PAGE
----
Please visit the Asian hornet pages on BeeBase (click here) to read updated guidance for beekeepers, including information on early monitoring and trap design. You can also access the full Response Plan through these pages.

Kind regards,

National Bee Unit.

News from friends in France

posted 18 Nov 2011, 01:50 by Pete Steadman   [ updated 4 Jan 2012, 14:41 by EBKA Webmaster ]

Hi Martin,
enclosing a few pic of the SLAA (Syndicat Limousin Avicole et Apicole) Bee School in Couzeix, near Limoges. This is where we have continued with our training – thankfully one of the tutors speaks a little English. He is also interested in maybe exchanging ideas – his name is Christian Vigneron, he is very interested in the construction of the National hive, as he thinks it offers good insulation properties, amongst other things.
 
 
The first pic is of the Bee school itself. then there is a pic of the nuclei – the school raise these for their beekeepers – new beekeepers etc who haven’t got a hive yet or those who lose theirs. They also raise queens to re-queen when needed. The third pic is of newbees checking some of the schools’ hives. The final one is of us transferring queen cells to another ruchette, (small hive, ideal for swarms and nuclei), ready to start off a nuclei.
 
 
We hope you find these interesting. We are feeding our own bees at present, weather has turned, and there is no nectar flow at present. Our bees are quite grumpy, and even when working on the land near the hive they are always out investigating what is happening. Chris has been stung several times, so we are thinking come spring, if they are like that we might have to re-queen, which is a pity as she is a good layer.

Hope everyone is well, send them all our regards. We now have a couple of the French Dadant hives as well – these have plastic bases/floors and are easy to clean etc – they have a separate plastic tray that slides out for varroea checking.

Thank you for the information from the group. If anyone is interested in coming over anytime to see how they French  work, I will send over the timetable for next year when we receive it. Also the timetable for trainees.

All the best,

Keni & Chris Carrington

Cutting The Ribbon At The Opening Ceremony Of EBKA Branch Apiary 2010

posted 29 Sep 2010, 08:04 by Linda Halford   [ updated 7 Oct 2010, 04:18 by EBKA Webmaster ]



EBKA were delighted to welcome Ms Julia Page Vice Principle of Pershore College to cut the ribbon at the official opening of EBKA’s Branch Apiary at Pershore College on May 22nd 2010. It was a hot sunny day where there was a large turnout from Branch members. Everyone donned their suits & made their way to the Apiary to witness the cutting of the ribbon. After their return to the ‘Bee Shed’ suits were cast off where an enjoyable afternoon ensued. Members had made honey cakes, tea & coffee was served. Richard Toft donated fresh pressed juices made from fruit at  Pershore College which was cooled & made a welcome refreshing drink with the heat!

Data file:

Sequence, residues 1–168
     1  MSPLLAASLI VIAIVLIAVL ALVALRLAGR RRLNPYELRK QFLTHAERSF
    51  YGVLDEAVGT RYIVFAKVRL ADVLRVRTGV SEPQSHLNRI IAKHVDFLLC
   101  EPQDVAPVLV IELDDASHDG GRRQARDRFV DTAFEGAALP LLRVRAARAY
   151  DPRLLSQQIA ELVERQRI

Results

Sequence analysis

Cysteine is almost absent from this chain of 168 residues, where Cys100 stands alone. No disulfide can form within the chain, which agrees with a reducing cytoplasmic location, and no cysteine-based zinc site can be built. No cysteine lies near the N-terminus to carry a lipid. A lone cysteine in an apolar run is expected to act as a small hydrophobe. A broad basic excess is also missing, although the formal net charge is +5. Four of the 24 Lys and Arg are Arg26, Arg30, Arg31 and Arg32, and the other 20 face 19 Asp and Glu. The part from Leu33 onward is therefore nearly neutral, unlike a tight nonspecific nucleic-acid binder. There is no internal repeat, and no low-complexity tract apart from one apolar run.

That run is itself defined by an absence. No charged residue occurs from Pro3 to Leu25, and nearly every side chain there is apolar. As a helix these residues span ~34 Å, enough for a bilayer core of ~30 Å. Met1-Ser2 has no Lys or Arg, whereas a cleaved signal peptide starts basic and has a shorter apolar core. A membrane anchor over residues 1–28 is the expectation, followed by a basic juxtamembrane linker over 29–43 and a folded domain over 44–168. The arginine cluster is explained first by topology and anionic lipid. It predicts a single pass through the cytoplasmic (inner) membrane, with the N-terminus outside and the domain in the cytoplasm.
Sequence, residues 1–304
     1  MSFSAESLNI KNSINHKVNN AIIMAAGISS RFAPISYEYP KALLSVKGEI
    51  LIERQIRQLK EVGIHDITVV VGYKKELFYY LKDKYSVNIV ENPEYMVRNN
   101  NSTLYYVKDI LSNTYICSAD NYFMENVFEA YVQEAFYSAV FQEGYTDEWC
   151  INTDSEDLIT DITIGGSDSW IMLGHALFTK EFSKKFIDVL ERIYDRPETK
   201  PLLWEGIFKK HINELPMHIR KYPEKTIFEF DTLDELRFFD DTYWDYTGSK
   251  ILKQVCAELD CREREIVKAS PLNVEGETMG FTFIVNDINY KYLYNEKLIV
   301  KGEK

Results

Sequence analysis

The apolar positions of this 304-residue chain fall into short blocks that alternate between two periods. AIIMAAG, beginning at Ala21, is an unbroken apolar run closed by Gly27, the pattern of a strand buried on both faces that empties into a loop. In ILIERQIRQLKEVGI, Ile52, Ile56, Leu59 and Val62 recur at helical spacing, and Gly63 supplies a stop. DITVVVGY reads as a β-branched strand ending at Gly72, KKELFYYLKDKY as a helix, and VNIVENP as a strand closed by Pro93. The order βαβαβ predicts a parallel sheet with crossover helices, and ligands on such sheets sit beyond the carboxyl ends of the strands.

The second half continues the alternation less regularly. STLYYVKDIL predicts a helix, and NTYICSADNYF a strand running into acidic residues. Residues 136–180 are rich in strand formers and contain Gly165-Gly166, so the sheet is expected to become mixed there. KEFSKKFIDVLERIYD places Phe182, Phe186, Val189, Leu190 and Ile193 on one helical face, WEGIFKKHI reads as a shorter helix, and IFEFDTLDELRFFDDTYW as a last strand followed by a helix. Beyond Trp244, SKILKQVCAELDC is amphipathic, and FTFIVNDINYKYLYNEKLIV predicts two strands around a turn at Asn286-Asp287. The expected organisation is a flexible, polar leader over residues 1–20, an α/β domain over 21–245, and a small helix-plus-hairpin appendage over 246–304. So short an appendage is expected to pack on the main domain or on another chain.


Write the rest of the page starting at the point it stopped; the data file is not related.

Richard Higgins’ Reports on the 1st year at the Branch Apiary

posted 29 Sep 2010, 08:04 by Linda Halford   [ updated 7 Oct 2010, 03:46 by EBKA Webmaster ]

We are fast approaching the end of another beekeeping season.  At the Branch Apiary we have started the Apiguard treatment and as soon as that is complete we will get the feeding going to ensure all of the colonies have plenty of stores for the winter. It has been a busy season at the Apiary.  We took possession of the bees from various generous members during March /April and had some very interesting and  well supported meetings during the season when we were particularly impressed by the enthusiasm of the new members. Unfortunately we were not able to commence the planned Queen Rearing programme as we did not have a colony strong enough in the short time available to make a start.  However, it will be top of the agenda for next year, particularly as we have a new member joining us well practised in the skills of Queen Rearing. The branch honey that has been extracted will be on sale at the Pershore Plum Fair. The remaining two meetings are  talking about and showing feeding and finally closing the hives down for winter. I would like to thank Richard Toft and Pershore College for their facilities and support during the year

Cheryl & Martyn Cracknell Share Their BEEginnings

posted 29 Sep 2010, 08:00 by Linda Halford   [ updated 7 Oct 2010, 03:47 by EBKA Webmaster ]

Martyn has always been interested in creepy-crawlies and entomology formed a large part of his degree course in Applied Biology. It was not until he was teaching biology in London that he got seriously interested in bees, and in 1976 he took a course in Beekeeping at Southgate Technical College.  In the spring of ’77 they got their first hive, which was put halfway down the garden of their  mid-terraced house.  It was next to the fence and facing into the garden so as not to annoy the neighbours.  Almost overnight their lives were transformed . The bees pursued anyone who opened the back door, and stung anyone who ventured up the garden. Just putting the bins out had to be done stealthily under cover of darkness, and hanging out the washing required a full suit, veil, gauntlets and wellies. Meanwhile the bees deposited excreta all over the freshly washed baby clothes. Beekeeping for them, was in the balance. Enfield Beekeepers helped them to re-queen the hive with a gentler stock and thereafter they have never tolerated bad tempered bees.  In 1979, though very inexperienced, Martyn agreed to be Evesham branch secretary as they were in danger of the branch folding up, and both have been members ever since. At that time Pershore , like many other agricultural colleges, had a county beekeeping instructor and the branch benefited greatly from Jim Crundwell and his technician Richard  Hart, as well as being a source of bee journals, research papers and bee books. The retirement of Jim and closure of the college apiary coincided with a serious slump in beekeeping. Many older members gave up, especially when varroa arrived and at one of the thinly attended meetings they turned to each other with the realisation that they were the youngest ones there. They put on  displays at various events around the county where they sold honey and also tried to interest people in beekeeping but there were no courses available to help people into the craft. In 1999 they offered a ten week Introductory course for Beginners, which was held in Worcester and have done so each year since. They are up to their fifteenth course now and nearly 250 trainees. In their own words -’It is very gratifying to see so many beekeepers throughout the county who started beekeeping following one of our courses. We continue to enjoy different aspects of beekeeping, from queen rearing to encaustic wax art and we have very much enjoyed participating in Apimondia in recent years’.